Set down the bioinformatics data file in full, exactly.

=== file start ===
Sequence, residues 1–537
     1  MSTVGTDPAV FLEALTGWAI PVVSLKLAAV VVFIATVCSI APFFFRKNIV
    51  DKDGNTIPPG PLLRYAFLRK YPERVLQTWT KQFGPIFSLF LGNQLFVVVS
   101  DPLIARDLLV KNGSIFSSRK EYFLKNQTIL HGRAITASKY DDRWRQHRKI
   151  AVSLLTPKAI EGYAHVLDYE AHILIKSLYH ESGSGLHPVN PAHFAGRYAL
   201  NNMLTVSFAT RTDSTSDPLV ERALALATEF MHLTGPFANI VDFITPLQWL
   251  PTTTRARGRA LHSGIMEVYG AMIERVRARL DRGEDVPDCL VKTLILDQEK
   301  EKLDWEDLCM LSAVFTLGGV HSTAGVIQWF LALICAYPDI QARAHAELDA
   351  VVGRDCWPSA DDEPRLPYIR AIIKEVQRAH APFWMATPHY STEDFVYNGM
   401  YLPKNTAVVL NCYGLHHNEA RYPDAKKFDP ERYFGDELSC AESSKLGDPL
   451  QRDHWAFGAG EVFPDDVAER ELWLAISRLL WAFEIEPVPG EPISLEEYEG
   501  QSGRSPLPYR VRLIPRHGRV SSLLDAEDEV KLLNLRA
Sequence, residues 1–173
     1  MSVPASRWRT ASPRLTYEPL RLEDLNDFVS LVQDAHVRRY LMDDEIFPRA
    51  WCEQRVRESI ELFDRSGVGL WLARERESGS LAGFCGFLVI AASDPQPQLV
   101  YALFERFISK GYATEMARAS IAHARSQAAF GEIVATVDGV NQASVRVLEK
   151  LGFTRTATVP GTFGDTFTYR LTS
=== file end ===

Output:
Sequence, residues 1–537
     1  MSTVGTDPAV FLEALTGWAI PVVSLKLAAV VVFIATVCSI APFFFRKNIV
    51  DKDGNTIPPG PLLRYAFLRK YPERVLQTWT KQFGPIFSLF LGNQLFVVVS
   101  DPLIARDLLV KNGSIFSSRK EYFLKNQTIL HGRAITASKY DDRWRQHRKI
   151  AVSLLTPKAI EGYAHVLDYE AHILIKSLYH ESGSGLHPVN PAHFAGRYAL
   201  NNMLTVSFAT RTDSTSDPLV ERALALATEF MHLTGPFANI VDFITPLQWL
   251  PTTTRARGRA LHSGIMEVYG AMIERVRARL DRGEDVPDCL VKTLILDQEK
   301  EKLDWEDLCM LSAVFTLGGV HSTAGVIQWF LALICAYPDI QARAHAELDA
   351  VVGRDCWPSA DDEPRLPYIR AIIKEVQRAH APFWMATPHY STEDFVYNGM
   401  YLPKNTAVVL NCYGLHHNEA RYPDAKKFDP ERYFGDELSC AESSKLGDPL
   451  QRDHWAFGAG EVFPDDVAER ELWLAISRLL WAFEIEPVPG EPISLEEYEG
   501  QSGRSPLPYR VRLIPRHGRV SSLLDAEDEV KLLNLRA
Sequence, residues 1–173
     1  MSVPASRWRT ASPRLTYEPL RLEDLNDFVS LVQDAHVRRY LMDDEIFPRA
    51  WCEQRVRESI ELFDRSGVGL WLARERESGS LAGFCGFLVI AASDPQPQLV
   101  YALFERFISK GYATEMARAS IAHARSQAAF GEIVATVDGV NQASVRVLEK
   151  LGFTRTATVP GTFGDTFTYR LTS